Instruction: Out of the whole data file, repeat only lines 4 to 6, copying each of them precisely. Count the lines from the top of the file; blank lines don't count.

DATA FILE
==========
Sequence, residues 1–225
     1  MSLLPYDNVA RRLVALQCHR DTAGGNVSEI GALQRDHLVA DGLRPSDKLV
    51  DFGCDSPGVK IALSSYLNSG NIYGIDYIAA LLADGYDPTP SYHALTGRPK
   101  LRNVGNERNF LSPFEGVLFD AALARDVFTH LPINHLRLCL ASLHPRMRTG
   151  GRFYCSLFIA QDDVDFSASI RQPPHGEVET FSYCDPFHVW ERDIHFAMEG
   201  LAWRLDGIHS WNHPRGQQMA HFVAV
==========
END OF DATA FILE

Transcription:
   101  LRNVGNERNF LSPFEGVLFD AALARDVFTH LPINHLRLCL ASLHPRMRTG
   151  GRFYCSLFIA QDDVDFSASI RQPPHGEVET FSYCDPFHVW ERDIHFAMEG
   201  LAWRLDGIHS WNHPRGQQMA HFVAV